Badminton: Axelsen, Momota lead sport's return to Asia for season finale

Viktor Axelsen (left) and Kento Momota at the VICTOR Denmark Open Badminton tournament in Odense, on Oct 24, 2021.
Viktor Axelsen (left) and Kento Momota at the VICTOR Denmark Open Badminton tournament in Odense, on Oct 24, 2021.PHOTO: AFP

JAKARTA (AFP) - Top-class tour badminton returns to Asia for the first time in 10 months as men's world No. 1 Kento Momota heads a strong line-up for three events in Indonesia culminating in the season-ending World Tour Finals.

Olympic gold medallist Viktor Axelsen of Denmark is seeded to meet Japan's Momota in the final of this week's Indonesia Masters, which also features Tokyo bronze winner and home favourite Anthony Ginting.

But Olympic silver medallist Chen Long will be missing, along with all players from China, for the first of three back-to-back events on the resort island of Bali beginning Tuesday (Nov 16).

Ginting said he was grateful to be able to play at home again, even though there will be no spectators allowed inside the strict bubble to which the players will be confined for three weeks to protect them from the coronavirus.

"Not only team Indonesia, but all the players have waited to play in front of huge crowds, like we had during previous tournaments in Jakarta," said Ginting.

"But we're still trying to be grateful that the tournaments could be resumed."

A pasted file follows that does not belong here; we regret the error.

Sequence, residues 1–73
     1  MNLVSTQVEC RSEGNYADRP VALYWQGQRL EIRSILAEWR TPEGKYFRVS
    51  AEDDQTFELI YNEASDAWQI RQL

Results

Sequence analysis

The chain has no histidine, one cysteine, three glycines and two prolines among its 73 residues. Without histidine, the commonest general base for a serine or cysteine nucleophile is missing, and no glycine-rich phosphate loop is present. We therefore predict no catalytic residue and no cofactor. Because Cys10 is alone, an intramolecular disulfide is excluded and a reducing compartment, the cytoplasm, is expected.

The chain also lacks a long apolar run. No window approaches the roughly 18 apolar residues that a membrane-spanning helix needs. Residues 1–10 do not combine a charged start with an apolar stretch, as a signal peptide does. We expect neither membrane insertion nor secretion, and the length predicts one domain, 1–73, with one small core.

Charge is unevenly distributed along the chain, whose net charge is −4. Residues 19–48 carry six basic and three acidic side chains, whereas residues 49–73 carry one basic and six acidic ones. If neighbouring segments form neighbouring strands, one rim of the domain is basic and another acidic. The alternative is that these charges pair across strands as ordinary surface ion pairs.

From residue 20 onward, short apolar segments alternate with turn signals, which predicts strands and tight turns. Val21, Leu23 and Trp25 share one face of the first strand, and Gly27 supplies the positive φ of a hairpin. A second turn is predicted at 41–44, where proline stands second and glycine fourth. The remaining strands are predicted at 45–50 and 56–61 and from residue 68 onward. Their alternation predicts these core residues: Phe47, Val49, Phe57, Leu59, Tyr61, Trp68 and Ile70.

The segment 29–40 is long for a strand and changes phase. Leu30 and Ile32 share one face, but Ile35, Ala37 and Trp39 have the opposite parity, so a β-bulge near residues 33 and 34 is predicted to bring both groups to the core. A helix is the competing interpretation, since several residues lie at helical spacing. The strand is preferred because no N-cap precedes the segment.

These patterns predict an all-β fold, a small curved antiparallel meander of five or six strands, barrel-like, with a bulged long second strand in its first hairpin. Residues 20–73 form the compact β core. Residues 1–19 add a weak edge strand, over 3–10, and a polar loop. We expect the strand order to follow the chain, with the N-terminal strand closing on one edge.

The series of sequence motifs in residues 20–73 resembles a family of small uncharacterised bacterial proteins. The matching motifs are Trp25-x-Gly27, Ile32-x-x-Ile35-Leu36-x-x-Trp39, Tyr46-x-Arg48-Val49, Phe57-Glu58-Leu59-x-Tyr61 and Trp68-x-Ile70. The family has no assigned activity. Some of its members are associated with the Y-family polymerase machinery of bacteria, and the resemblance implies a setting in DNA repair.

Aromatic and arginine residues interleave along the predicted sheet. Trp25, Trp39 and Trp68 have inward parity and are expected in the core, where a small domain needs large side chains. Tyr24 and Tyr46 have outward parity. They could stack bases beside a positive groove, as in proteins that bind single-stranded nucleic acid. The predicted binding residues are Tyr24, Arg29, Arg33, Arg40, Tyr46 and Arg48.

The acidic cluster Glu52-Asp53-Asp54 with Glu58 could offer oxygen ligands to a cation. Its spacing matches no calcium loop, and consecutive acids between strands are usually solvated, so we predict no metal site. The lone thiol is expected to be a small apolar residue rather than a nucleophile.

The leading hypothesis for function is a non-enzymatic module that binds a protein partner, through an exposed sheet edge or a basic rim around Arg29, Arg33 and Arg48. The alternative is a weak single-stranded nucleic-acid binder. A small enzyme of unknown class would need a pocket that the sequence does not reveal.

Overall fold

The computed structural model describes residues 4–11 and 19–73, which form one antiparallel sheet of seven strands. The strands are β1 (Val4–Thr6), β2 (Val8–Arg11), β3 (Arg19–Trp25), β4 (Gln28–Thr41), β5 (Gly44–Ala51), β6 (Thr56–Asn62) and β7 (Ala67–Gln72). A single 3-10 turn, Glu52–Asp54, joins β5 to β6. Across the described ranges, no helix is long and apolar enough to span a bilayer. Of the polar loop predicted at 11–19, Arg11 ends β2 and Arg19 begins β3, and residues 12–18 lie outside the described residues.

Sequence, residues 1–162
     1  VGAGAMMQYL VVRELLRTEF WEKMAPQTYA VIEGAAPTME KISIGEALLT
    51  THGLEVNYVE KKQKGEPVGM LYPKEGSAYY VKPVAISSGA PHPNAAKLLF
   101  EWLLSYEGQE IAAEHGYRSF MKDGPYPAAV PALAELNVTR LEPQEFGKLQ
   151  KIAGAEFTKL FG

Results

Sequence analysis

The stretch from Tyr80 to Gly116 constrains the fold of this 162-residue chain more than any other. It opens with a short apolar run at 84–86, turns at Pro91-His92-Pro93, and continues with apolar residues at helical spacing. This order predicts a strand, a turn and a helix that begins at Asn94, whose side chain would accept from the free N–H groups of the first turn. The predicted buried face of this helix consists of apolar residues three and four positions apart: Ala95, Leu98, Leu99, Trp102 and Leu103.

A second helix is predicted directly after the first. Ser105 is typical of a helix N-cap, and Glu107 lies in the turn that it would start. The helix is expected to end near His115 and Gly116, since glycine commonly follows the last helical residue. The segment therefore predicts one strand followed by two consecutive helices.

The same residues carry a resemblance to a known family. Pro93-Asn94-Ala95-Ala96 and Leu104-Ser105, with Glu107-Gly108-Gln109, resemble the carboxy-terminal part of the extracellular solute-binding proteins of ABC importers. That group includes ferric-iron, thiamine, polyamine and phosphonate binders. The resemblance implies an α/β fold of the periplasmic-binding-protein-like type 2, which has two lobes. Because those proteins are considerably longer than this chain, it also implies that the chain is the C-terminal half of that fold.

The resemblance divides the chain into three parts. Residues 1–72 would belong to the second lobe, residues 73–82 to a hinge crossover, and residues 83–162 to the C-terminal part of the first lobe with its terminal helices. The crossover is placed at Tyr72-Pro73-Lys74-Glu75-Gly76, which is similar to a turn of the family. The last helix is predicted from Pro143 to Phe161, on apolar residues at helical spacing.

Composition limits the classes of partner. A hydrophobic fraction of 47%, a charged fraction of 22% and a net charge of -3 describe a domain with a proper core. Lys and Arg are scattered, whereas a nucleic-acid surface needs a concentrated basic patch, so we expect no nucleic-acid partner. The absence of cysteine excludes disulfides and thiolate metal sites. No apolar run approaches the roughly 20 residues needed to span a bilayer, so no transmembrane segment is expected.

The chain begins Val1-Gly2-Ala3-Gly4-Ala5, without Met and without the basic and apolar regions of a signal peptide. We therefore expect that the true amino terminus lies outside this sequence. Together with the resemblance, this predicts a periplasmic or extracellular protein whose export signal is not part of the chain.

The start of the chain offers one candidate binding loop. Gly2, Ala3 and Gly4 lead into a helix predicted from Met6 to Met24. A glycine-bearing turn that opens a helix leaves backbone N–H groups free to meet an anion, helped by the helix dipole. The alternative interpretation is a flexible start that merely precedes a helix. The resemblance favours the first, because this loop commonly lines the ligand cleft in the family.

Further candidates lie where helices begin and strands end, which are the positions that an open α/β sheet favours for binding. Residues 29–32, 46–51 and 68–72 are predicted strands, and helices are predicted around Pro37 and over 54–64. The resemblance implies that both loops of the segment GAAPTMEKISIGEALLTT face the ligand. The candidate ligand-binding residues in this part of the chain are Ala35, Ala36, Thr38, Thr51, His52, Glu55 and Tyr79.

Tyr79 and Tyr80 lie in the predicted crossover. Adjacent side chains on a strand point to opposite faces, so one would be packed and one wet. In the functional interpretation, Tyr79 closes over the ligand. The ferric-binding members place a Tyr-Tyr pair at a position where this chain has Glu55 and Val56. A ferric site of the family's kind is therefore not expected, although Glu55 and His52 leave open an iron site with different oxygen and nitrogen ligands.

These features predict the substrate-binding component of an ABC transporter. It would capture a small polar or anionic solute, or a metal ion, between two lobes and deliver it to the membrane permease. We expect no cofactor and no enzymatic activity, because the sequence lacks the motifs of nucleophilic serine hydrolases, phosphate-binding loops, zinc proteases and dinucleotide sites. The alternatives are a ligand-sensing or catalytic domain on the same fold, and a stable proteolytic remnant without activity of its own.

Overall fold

Women's world No. 1 and Olympic silver medallist Tai Tzu-ying of Chinese Taipei is skipping the Indonesia events, while China are not sending any players, meaning Olympic champion Chen Yufei will also be absent.

Top seed in the women's will be Akane Yamaguchi, the world No. 3 from Japan, who will face a field featuring Olympic bronze medallist P.V. Sindhu of India and second seed Ratchanok Intanon of Thailand.

Asian badminton fans have been starved of action for almost two years because of the coronavirus pandemic.

The last Badminton World Federation (BWF) World Tour events to take place on the continent were held in Thailand in January without spectators, as were the Tokyo Olympics.

Players have been warming up and acclimatising since last week, but are confined to their Bali hotel and the arena.

"They're not allowed to go out once they've arrived at the hotel. We're providing for their needs here," Indonesia Badminton Association spokesman Broto Happy told AFP.

The players are staying in a luxury resort with plenty to occupy them, including a private beach.

Badminton World Tour events in Indonesia are usually played in the capital, Jakarta, but organisers opted for Bali, which has been badly affected by the loss of visitors during the pandemic.

"By holding the tournaments in Bali, we hope to at least revive its economy, which heavily relies on tourism," Happy said.

The spectator ban has come as a disappointment for many in a country where badminton is hugely popular.

"I'm sad that I can't watch the games in person, but I understand doing it without spectators is the best setting," said fan Renata Indra Adiningtyas, 19, who has resigned herself to watching the tournaments on television.

The Indonesia Masters ends on Sunday. The Indonesia Open takes place from Nov 23 to 28 and the season-ending BWF Tour finals run Dec 1 to 5.